Released: August 2017
Director: Nikolaj Arcel
Some films are all about questions. They open the mind up, and leave you with more things to talk about and theorise on than you ever thought possible. However, that has to be intentional to be a good thing. In the case of The Dark Tower, it seems it’s more ham-fisted screenwriting and poor plotting that leaves you wondering, with a definite feeling of bafflement overcoming any sense of enjoyment that might have been garnered.
The Dark Tower has some pretty hefty source material. While Stephen King books may not be challenging literature, there are eight books in the The Dark Tower series, which is a lot of backstory. This means writing a film that encompassed enough history to please the book fans but was intelligible enough to newcomers was always going to be pretty much impossible.
Following young Jake Chambers (Tom Taylor) as he discovers that his recurring nightmares of far-off worlds, a man in black and a gunslinger are far from just dreams, we are thrown into a fantasy world that has the potential to be all-encompassing, but instead comes across as little more than a mish-mash of trite cliches of fantasy settings.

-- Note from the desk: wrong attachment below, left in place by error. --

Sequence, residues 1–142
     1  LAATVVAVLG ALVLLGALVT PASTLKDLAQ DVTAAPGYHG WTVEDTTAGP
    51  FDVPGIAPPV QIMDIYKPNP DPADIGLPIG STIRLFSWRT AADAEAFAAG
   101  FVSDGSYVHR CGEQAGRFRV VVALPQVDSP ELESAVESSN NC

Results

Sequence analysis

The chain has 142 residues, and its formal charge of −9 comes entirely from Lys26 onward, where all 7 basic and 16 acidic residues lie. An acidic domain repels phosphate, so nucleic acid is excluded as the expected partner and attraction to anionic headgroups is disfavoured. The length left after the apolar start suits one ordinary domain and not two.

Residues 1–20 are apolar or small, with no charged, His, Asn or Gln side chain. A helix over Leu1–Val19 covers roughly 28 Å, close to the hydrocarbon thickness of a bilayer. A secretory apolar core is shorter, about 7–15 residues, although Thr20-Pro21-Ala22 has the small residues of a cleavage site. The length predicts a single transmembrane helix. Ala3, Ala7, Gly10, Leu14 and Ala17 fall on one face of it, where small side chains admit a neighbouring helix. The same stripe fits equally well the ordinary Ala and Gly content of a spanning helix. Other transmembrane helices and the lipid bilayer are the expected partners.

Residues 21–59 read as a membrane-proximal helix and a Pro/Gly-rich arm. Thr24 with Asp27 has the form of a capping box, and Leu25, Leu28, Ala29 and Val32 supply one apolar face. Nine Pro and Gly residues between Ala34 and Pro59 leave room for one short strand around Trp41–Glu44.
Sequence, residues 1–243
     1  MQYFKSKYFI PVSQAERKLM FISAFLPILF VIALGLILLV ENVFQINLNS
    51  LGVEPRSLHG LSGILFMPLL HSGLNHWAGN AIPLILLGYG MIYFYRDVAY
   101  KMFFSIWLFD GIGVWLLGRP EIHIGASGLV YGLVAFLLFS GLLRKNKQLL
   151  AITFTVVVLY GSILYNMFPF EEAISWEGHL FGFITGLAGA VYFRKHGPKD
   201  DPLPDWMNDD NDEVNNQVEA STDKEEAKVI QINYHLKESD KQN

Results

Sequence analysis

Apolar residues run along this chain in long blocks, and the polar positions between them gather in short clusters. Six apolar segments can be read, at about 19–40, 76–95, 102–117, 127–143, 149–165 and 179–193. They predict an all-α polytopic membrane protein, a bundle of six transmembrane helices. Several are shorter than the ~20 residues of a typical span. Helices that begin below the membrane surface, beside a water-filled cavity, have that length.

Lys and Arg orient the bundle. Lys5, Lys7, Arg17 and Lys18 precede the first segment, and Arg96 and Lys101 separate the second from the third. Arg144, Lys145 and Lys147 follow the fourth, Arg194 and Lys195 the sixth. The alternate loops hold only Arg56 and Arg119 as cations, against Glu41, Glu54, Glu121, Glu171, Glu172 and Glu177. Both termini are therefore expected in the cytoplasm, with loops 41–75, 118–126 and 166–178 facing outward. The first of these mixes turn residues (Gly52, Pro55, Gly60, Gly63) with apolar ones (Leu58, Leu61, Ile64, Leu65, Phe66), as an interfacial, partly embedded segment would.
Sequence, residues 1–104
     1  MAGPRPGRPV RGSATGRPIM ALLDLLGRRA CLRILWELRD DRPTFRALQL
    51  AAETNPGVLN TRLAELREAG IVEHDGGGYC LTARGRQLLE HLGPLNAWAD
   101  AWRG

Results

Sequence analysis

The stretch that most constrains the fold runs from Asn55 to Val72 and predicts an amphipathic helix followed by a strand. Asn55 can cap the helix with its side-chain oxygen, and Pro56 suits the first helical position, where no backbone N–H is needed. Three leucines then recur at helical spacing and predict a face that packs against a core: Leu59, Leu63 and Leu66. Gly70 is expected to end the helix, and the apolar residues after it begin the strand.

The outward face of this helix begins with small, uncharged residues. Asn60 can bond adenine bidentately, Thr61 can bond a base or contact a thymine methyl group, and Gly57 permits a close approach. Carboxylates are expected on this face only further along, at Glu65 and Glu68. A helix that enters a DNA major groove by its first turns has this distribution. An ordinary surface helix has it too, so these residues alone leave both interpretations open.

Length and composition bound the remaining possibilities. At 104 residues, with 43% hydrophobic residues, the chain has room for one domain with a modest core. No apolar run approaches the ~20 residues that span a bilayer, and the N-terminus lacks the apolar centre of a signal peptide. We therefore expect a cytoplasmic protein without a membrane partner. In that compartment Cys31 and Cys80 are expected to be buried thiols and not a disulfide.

Some of the time it seems as though the writers are trying to keep us guessing, such as by having a lot of heavy hinting that this far off world of desert wastelands, ruined theme parks and shanty towns by old tube stations is Earth in a different time, but also throwing in extra moons to scupper that idea. Some misdirection on key plot points is often welcome in films, but only for elements that are important and that end up with a resolution.
In this case, where the other place is is of no importance whatsoever. You can wonder, and they clearly want you to, but it doesn’t actually come up in the film. Even the boy magically transported there doesn’t really ask where he is, although he arrives alone in a place with empty desert to the horizon and declares that this is great, so maybe we shouldn’t look to him for sensible thoughts. So why bother with the strange juxtapositions of clues?
I haven’t read the books, so perhaps this kind of detail is delightful to those who have, but for a first time entrant into the world, it feels like it’s unresolved because they don’t have an resolution for it. They don’t even care that they don’t. It’s possible they think their laying the seeds for discussion and sequels, much like Lost did, but we are all older and wiser now, and scattering a hundred seeds to only pick up the best four or five to carry on later will not satisfy anyone.